Johnson had his shortest start in more than a decade, ejected in the second inning by Fieldin Culbreth. The Yankees bounced back to take an eight-run lead against Toronto but then barely held on.
"I can assure you that nobody finds it exciting to come to the ballpark this time of year and have to eject Randy Johnson," Culbreth said.
Johnson left the clubhouse without talking to reporters
New York used its bullpen to make up for Johnson's early exit and remained a half-game behind Cleveland in the AL wild-card race and 1½ games back of first-place Boston in the AL East.
With Toronto leading 3-2 with two outs in the second inning, Frank Menechino at the plate and the count 2-2, Johnson threw a pitch on the inside part of the plate that was called a ball. The 6-foot-10 left-hander yelled at Culbreth, who popped out to the first base side of the plate and took off his mask.
Culbreth yelled something at Johnson and pointed at the pitcher. Johnson yelled something back, and the umpire then ejected him.
Culbreth said he warned Johnson in the first inning after the Big Unit questioned a pitch to Vernon Wells and got "pretty animated," the umpire said. Culbreth had enough after the pitch to Menechino.
"Randy immediately came off the mound and had some choice words to say. I told him to knock it off and get back on the mound," Culbreth said to a pool reporter. "He screamed again, an expletive and, 'Just call it a strike.' And at that point he also screamed out, 'And the pitch to Wells was an expletive strike as well.' And at that point, I ejected him.
"I would think that he knows that when he came off the mound and was saying that, he had to be putting himself in a position to be ejected," he said.
John Flaherty, New York's catcher, got between Johnson and the umpire, and Yankees manager Joe Torre came out of the dugout to argue.
"I was disappointed that Fieldin reacted as quickly as he did, but he has a legitimate gripe," Flaherty said. "Randy was saying some things in the first inning and by the second inning Cubby had enough. In the first inning they went back and forth and Fieldin told him, to his credit, that he's had enough and to calm it down."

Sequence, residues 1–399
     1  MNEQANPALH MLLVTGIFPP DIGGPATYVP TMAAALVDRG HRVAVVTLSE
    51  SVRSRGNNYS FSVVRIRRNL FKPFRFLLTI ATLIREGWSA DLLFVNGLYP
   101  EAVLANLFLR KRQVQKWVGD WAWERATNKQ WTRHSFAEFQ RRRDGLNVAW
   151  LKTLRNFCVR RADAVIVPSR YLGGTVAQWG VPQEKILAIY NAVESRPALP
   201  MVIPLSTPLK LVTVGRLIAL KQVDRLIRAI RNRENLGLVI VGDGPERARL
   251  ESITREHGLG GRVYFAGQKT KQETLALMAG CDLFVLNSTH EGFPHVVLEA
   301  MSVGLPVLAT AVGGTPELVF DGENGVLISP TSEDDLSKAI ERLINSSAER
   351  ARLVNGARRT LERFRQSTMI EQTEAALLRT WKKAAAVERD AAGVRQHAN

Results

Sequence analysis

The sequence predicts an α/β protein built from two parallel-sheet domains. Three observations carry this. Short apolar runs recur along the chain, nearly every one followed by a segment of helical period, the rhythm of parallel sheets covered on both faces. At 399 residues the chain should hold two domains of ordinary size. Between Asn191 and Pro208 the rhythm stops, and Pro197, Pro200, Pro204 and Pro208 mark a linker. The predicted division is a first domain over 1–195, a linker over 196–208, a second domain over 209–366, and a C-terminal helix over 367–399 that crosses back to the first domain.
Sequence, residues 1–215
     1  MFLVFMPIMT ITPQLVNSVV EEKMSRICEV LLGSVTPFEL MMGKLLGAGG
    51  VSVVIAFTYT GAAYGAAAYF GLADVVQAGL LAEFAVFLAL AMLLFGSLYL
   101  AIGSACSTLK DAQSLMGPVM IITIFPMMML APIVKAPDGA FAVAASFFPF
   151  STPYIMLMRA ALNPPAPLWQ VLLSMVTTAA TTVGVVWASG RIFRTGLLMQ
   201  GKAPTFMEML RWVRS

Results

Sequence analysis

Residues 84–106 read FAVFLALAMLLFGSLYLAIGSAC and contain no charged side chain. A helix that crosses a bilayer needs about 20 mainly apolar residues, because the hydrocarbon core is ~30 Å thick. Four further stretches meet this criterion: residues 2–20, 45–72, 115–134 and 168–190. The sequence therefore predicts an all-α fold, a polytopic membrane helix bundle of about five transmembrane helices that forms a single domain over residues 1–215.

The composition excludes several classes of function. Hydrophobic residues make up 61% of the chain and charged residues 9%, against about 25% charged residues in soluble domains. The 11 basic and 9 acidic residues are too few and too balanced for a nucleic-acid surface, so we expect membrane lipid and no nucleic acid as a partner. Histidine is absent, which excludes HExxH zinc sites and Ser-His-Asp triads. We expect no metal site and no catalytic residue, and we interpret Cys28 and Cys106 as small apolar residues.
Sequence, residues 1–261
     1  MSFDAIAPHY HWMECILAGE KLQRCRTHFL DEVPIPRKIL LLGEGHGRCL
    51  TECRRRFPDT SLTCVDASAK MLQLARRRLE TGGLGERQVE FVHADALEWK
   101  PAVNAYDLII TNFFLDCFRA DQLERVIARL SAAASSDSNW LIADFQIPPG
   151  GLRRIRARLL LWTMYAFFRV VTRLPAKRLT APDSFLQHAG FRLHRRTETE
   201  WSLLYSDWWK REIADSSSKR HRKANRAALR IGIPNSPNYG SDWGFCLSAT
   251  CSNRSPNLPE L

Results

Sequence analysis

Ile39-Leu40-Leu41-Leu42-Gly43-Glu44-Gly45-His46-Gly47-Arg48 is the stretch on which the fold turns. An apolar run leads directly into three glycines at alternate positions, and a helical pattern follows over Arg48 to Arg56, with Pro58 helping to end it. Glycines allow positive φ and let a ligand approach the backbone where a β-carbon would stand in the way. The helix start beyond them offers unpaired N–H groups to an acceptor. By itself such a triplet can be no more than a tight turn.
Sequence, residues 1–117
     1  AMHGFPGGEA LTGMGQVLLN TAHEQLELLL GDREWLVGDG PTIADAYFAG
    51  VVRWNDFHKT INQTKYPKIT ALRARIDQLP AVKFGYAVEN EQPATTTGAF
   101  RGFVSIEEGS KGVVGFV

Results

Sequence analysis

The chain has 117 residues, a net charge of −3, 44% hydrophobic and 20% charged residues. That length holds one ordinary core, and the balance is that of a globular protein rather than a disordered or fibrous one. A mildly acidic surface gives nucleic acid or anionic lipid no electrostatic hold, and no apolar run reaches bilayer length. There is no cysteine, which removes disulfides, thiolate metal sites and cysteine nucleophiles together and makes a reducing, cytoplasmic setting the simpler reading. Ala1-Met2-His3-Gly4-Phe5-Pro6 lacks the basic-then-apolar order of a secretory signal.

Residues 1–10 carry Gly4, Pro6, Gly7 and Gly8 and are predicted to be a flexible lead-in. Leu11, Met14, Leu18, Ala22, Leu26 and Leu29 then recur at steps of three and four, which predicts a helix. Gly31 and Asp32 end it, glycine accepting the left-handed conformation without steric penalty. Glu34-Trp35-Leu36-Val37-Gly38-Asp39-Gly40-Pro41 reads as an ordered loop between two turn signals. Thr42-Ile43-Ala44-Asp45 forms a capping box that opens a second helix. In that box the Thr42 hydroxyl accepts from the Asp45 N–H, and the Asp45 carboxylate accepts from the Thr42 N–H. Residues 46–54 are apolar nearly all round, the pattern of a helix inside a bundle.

Johnson flipped the ball onto the infield before walking to the Yankees dugout.
"You can place blame any where you want to. You can maybe say that Randy went a little too far. There's probably some truth to that, but I was surprised that Fieldin threw him out as quickly as he did knowing the kind of umpire that he is. He's a very good
umpire," Flaherty said. "I don't know if Randy stepped over the line. I didn't necessarily think he did."
Torre said they both overreacted, but he didn't blame Johnson for showing emotion. He also said Culbreth is a good umpire.
"I just think he pulled the trigger too quickly," said Torre, who added he would talk to Johnson on Saturday. "I don't want him not to show emotion."
Johnson allowed three runs and two hits, throwing 50 pitches. Scott Proctor relieved and retired Menechino on his first pitch.
It was Johnson's shortest regular-season start since July 23, 1993, for Seattle at Cleveland, when he lasted 1 1/3 innings, according to the Elias Sports Bureau. Johnson gave up eight runs in that game.
Cano hit a three-run homer off Dave Bush (5-9) in the third that put New York ahead 5-3 and a two-run shot off Brandon League in the fourth that boosted the lead to 11-3, the first multihomer game of his career. The rookie second baseman tied his career high of five RBI, set Thursday at Tampa Bay. He had three hits and is batting .469 (23-for-49) in September.
Proctor (1-0) won for the first time since Oct. 3 last year, also at Toronto, despite allowing four runs and five hits in 3 2/3 innings. He struck out four and walked one.
Wells hit a three-run homer off Johnson. Toronto has lost four of five, falling to 72-74.
"It changes things a lot when one of the best pitchers in the game gets ejected," Toronto's Reed Johnson said. "I think you'd see a lot of teams roll over in that situation."
Jason Giambi hit an RBI double in the first, but Wells' 26th homer put Toronto ahead.
Flaherty's RBI double cut it to 3-2 in the second, and New York scored four runs in the third on Cano's three-run homer and Flaherty's second homer of the season.
Toronto's John Ford-Griffin hit an RBI grounder in the fifth, and the Blue Jays cut the lead to 11-7 in the sixth on Reed Johnson's three-run double off Felix Rodriguez.
The Yankees became the first team in major-league history to hit 200 or more homers in six straight seasons. ... Rodriguez hit his 25th homer at the Rogers Centre, the most by any opponent. ... Gross replaced Alex Rios in right field to start the second after Rios took his time running to first on a first-inning flyout.